Native to France, Yoann Lemoine is a modern-day artistic renaissance man. Musician, Director, Artist, and Graphic Designer. He’s directed music videos for Lana Del Rey, Taylor Swift, and Katy Perry. Early in his film career, he won multiple awards for his AIDS Awareness campaign, Graffiti. Outside those amazing accomplishments, he’s an extraordinary writer and composer. In 2011 Woodkid released the Iron EP and the title track was used in promotion for the game Assassin’s Creed Revelations. I remember hearing and realizing I’d never heard anything like it in my life. I thought there was no way someone could make a whole album in this huge melodramatic style. Then, in 2013 he released The Golden Age. The album soars. Gigantic orchestral arrangements, drums that sound like war, and Woodkid’s signature soft, deep, and almost fragile voice. It almost sounds like Bach meets Cat Stevens in a military campaign with no weapons but the emotion and no mission but to make you think. That’s the only way to tie this album to a genre. The track’s to start with: “Run Boy Run,” “Ghost Lights,” and “Conquest of Spaces.”
Lana Del Rey – Born To Die
Lana Del Rey’s 2012 album Born to Die is a monster of its own kind. I’ve seen this album listed as a Pop album. It’s not. I’ve seen this album listed as a trip-hop album. It’s not. I’ve seen it listed as a jazz album. It’s not. I’ve even seen it listed as a dance/electronic album. It’s not. I’ve heard it’s a perfect mix of hip hop and Nancy Sinatra. Close maybe, but it’s not. I could make a decent argument that some of these songs were grown out of the mid-nineties industrial boom while knowing that they’re not. Or, conversely, I guess I could make an argument that it’s all these genres, which it might be. That’s an odd paradox. It’s none of these things yet all these things. That’s exactly why it can’t be put in the corner with any type of genre. The sound of this album spans decades of music. I can find traces of almost any great artist in this album, but nothing sounds anything like those artists that come to mind. I don’t even have time to go through the list of instrument arrangements, vocal performances, and compositions on this album that make it so unique. It really is an album and genre in and of itself. Tracks to start with: “Born to Die,” “Off to the Races,” and “Lolita.”
Leonard Cohen – You Want It Darker
Leonard Cohen gave us 50 years of brilliant music. Collectively, it’s the story of his life and a catalog of his thoughts, poetry, and philosophy on life. In 2016 he released his final album, You Want It Darker. It’s a perfect end to his career, and frankly I hope there are no posthumous releases, because this is an excellent period at the end of his story. There are blues, there’s some jazz, there’s a folk feel, there’s gospel, there’s a 70s vibe, but when you pull it all together it’s like nothing heard before. It’s dark, it’s tongue in cheek, it’s heavy, and at times its light as a feather. Throughout the album, you feel like you’re in a smoky and dimly lit room, and he’s just hanging out talking with you. And you don’t want to stop listening. The reason this album can’t be classified as any particular genre of music? It’s Leonard Cohen’s last. You’d never heard anything like it before and you never will again. Tracks to start with: “You Want It Darker,” “Traveling Light,” and “Steer Your Way.”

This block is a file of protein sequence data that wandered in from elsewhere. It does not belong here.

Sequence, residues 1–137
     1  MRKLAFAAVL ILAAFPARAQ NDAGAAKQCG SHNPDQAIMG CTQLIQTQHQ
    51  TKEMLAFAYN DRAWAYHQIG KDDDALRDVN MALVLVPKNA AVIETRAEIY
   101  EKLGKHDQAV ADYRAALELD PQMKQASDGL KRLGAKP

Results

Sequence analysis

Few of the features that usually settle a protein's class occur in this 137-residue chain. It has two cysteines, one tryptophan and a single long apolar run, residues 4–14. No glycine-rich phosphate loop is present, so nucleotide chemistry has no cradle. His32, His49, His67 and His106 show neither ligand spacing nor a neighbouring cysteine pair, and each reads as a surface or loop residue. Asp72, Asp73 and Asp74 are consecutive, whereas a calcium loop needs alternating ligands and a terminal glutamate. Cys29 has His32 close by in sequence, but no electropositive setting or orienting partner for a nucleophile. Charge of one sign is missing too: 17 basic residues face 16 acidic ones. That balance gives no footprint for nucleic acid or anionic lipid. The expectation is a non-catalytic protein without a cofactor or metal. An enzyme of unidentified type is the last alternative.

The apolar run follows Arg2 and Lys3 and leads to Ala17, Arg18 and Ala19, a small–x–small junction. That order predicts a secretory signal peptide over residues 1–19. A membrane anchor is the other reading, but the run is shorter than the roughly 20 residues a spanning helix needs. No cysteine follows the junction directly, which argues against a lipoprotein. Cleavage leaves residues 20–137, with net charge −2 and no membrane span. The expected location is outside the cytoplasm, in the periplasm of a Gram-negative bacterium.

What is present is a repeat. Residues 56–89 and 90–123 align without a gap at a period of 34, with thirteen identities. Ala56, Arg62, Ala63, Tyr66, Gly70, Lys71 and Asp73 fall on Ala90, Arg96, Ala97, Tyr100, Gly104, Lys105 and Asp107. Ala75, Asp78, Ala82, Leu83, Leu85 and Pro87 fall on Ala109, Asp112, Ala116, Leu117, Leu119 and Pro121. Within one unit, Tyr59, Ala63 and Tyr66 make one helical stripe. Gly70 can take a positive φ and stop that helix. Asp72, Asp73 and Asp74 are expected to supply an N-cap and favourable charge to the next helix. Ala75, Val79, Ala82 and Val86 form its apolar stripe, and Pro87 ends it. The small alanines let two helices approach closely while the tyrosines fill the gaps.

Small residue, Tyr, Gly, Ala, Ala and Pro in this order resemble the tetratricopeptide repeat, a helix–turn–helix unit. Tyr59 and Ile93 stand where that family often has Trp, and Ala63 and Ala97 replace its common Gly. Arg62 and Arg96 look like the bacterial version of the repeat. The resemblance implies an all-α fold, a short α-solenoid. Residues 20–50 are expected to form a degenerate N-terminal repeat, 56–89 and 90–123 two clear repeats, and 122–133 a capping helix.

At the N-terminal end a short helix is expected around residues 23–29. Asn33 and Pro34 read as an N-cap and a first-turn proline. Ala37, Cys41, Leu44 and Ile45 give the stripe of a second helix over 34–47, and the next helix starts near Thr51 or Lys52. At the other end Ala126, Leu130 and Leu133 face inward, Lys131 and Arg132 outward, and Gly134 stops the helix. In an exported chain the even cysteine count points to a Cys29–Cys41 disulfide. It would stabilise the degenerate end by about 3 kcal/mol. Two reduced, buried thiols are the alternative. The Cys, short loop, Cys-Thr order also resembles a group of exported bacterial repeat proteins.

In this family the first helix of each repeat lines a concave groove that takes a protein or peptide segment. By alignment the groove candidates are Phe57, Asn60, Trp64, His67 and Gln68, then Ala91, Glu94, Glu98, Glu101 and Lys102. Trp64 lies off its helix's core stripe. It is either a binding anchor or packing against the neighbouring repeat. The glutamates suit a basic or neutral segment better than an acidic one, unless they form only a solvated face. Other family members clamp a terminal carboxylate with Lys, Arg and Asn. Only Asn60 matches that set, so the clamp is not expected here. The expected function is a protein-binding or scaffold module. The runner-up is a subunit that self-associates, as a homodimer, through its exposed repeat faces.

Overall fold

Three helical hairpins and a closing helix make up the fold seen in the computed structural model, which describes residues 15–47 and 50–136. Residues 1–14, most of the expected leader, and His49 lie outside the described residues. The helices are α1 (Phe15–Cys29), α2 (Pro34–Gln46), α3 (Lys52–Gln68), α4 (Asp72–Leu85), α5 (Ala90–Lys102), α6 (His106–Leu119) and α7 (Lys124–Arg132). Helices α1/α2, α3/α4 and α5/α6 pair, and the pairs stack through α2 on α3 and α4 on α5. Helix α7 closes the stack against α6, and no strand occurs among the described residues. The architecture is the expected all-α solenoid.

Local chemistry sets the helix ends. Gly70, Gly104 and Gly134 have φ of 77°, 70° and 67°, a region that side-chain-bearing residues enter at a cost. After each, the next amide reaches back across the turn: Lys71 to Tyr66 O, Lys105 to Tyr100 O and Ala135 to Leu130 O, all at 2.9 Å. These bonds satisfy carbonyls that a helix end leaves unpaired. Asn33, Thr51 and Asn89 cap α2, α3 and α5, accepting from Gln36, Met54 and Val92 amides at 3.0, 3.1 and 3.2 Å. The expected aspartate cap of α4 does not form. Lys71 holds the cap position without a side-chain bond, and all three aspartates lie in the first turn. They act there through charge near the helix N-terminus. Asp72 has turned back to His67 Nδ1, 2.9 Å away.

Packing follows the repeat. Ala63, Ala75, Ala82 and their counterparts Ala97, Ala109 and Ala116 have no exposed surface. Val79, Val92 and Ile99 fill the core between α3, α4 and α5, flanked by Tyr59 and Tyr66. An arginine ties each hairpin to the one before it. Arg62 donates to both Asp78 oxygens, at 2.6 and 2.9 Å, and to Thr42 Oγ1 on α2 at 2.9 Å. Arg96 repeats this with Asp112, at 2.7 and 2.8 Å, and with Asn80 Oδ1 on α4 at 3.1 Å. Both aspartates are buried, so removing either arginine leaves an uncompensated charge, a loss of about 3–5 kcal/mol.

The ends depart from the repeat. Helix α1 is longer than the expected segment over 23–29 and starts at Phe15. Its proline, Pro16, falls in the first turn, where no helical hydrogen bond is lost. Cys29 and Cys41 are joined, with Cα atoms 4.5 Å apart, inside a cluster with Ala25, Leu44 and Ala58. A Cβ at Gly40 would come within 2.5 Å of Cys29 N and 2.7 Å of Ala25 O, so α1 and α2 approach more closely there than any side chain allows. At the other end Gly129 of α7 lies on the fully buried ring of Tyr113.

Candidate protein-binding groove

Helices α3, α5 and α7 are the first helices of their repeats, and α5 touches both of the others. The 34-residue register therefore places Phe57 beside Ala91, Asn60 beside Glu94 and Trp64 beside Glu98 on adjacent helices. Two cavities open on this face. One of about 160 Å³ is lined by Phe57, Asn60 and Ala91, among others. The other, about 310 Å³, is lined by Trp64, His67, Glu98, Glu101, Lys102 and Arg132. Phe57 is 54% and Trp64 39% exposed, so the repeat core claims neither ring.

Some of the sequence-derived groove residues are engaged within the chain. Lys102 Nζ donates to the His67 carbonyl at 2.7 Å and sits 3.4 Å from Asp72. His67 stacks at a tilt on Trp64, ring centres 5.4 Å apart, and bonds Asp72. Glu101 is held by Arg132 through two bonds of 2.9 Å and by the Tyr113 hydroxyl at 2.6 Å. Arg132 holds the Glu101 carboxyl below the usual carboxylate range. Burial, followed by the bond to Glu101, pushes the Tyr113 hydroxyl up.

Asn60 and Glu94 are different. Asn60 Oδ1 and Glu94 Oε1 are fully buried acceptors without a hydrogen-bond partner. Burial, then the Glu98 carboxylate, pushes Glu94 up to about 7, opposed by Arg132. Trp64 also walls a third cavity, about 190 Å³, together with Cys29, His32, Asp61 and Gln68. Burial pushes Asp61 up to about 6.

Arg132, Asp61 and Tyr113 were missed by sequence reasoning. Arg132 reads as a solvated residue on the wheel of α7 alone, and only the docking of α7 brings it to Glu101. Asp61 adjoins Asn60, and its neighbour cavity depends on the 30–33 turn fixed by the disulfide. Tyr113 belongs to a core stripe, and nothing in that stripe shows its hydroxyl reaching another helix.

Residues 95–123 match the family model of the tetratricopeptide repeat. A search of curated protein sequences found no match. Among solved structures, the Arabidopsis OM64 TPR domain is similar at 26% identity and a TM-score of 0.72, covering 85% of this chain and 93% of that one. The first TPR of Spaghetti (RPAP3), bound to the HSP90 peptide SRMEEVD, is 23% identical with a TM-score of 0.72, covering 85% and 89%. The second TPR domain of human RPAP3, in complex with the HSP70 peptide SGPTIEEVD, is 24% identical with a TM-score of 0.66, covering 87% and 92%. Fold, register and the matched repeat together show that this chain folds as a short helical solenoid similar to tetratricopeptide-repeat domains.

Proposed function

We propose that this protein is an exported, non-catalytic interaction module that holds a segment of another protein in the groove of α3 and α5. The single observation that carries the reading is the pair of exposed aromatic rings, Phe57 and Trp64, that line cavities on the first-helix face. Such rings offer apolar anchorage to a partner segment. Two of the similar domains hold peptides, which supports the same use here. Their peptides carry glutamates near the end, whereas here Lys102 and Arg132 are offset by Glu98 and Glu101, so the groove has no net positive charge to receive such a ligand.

Tricky – Blowback
The oldest album on this list is Tricky’s 2001 album, Blowback. Tricky is known as one of the inventors of the Trip Hop genre. His debut album Maxinquaye was a Trip Hop masterpiece that would go on to be the standard for the genre. He went on to release 2 more albums before Blowback that was an expansion of Trip Hop to include some drum and bass vibes as well. He also released a couple of side projects. Tricky has stated he put this album together because he was broke. It’s more accessible than some of his other albums, but that’s part of what makes this genre-defying. There are a lot of collaborations on this album that at first seem odd, but when heard it makes complete sense: a Nirvana cover, a duet with Cyndi Lauper, and songs featuring Ed Kowalczyk, John Frusciante, and Hawkman. Somehow, this album all comes together perfectly, and it’s not a mess. There’s hip hop, trip hop, jangly rock, 80s new wave, rock and roll, and even metal—sometimes all in the same song. Although the songs cross a lot of musical boundaries, they fit so well with each other. The album is in a category all its own and a uniquely brilliant sidestep from the Godfather of Trip Hop. Tracks to start with: “Five Days,” “Bury the Evidence,” and “You Don’t Wanna.”